RE: [nc-whois] Contribution Of Globally, Publicly AccessibleWHOIS Information To Identity Theft And Other Fraud
I do sincerely wonder why non-disclosure of personal data is not even
considered a viable option.
As the FTC writes and is omitted below; "In this vein, the FTC advises
consumers not to disclose personal information"
And a mojor source for incorrect data is discovered again.
Options as suggested by Brett are "funky" but not to the point, add huge
amounts of email (Bandwidth=$) and not to mention process activity on
servers, seeing as my "local" dns servers handle several hundred of
whois requests a day, they would then have to generate and send an
email, in which case I would close port 43 in no time at all, as would
This leaves unjust loads on registries and registrars who then in a
"implementation committee" would rule this out as "not supported by the
majority" and "to expensive" to implement.
Lots of work done, nice suggestion, but lost again.
Reality serves even the IP contituency to look at ways to serve their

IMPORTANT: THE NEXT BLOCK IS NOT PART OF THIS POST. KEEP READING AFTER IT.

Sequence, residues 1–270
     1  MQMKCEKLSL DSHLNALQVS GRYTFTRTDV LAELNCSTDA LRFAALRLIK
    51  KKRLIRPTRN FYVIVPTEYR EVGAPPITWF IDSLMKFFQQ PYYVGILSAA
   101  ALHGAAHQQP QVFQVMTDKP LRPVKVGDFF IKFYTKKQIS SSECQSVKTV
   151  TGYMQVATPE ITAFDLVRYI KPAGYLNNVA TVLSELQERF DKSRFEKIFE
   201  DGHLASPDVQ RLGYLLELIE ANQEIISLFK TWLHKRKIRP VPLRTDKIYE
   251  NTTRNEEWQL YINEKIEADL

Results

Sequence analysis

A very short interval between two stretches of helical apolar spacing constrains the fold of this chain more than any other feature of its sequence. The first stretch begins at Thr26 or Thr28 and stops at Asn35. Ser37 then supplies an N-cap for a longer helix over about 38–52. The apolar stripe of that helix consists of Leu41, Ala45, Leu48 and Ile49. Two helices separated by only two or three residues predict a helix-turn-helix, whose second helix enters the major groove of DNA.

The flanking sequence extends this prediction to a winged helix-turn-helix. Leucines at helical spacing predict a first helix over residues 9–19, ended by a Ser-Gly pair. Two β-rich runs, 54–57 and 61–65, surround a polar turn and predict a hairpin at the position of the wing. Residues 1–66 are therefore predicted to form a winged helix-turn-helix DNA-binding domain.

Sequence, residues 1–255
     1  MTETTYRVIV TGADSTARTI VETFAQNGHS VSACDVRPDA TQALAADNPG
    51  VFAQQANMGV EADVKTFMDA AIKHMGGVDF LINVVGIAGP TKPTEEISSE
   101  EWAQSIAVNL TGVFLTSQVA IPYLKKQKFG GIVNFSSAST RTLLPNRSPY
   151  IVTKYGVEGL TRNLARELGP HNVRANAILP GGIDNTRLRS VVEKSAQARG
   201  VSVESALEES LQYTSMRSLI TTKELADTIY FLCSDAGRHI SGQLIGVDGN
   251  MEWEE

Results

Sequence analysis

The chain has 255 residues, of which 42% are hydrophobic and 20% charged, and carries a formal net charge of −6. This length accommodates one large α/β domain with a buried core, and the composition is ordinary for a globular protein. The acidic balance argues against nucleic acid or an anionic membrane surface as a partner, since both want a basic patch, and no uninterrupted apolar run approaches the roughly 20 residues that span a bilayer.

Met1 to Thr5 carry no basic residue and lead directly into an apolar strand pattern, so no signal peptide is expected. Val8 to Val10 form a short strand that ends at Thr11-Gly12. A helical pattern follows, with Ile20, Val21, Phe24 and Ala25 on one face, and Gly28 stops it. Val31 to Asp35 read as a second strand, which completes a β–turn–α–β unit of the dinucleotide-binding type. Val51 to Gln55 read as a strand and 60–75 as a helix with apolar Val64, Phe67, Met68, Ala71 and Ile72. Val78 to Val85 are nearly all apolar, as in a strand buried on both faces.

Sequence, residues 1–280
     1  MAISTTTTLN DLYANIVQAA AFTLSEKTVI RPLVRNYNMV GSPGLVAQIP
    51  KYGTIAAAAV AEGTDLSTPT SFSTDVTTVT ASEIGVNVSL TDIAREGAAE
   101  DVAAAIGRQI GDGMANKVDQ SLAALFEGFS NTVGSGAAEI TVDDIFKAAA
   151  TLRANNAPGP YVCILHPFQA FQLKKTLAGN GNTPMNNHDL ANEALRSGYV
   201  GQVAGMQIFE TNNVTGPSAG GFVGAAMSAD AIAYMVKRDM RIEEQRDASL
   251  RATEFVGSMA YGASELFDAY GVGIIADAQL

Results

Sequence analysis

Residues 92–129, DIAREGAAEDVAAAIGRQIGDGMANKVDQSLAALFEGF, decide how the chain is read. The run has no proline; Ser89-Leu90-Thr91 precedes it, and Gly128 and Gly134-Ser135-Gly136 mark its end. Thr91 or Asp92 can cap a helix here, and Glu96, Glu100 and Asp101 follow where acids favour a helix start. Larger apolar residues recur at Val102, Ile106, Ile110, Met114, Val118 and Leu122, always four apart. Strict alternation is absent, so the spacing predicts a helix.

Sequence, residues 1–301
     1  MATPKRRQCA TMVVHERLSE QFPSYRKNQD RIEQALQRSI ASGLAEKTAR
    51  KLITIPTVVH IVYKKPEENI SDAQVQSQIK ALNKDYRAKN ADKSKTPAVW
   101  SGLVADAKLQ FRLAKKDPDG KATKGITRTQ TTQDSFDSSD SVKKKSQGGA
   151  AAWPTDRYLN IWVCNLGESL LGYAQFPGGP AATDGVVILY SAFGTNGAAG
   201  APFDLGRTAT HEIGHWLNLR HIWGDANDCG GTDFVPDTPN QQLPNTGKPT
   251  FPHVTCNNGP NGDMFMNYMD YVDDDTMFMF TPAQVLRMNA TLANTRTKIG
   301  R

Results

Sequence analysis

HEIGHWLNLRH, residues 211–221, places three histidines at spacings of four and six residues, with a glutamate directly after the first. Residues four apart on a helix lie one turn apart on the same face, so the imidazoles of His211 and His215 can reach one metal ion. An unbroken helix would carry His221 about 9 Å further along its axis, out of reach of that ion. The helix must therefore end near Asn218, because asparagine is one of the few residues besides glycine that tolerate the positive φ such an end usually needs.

purpose without having publicly disclosed data on open ports.
Reality serves all to define those that should have access, why they
should have access and such (refering to my prior email)
There is no need for anyone to have "open and public" access to personal
data as home adddress and phonenumbers except for the sake of
convenience and low overhead.
It is in my opinion not the TF's task to provide "handy tools" for
anyone, but to report on the functioning of and possible future of the
I would like to use this moment in time to emphasise that I would want
to see my opinion whether it is consensus or exception, in the issue
reports going to the GNSO.
With kind regards
> -----Original Message-----
> From: firstname.lastname@example.org
> [mailto:email@example.com] On Behalf Of Bret Fausett
> Sent: 07 March 2003 19:27
> To: whois
> Subject: Re: [nc-whois] Contribution Of Globally, Publicly
> AccessibleWHOIS Information To Identity Theft And Other Fraud
> Ruchika Agrawal wrote:
> > and if consumers choose to disclose personal information,
> they should
> > know who is collecting the information, why the information
> is being
> > collected, and how it is going to be used.
> One theory of privacy protection is simply to increase
> transparency about who has information about you so you can
> take steps to protect yourself. I think it was Becky Burr who
> made the suggestion that a whois service that notified the
> registrant when someone looked them up in the whois database
> would be a valuable addition. I like that. It shouldn't be
> too hard to send the registrant the IP address, and perhaps
> more information if you used a registration system for users
> of the whois, of the person who looked them up and the date
> when their record was reviewed.
> -- Bret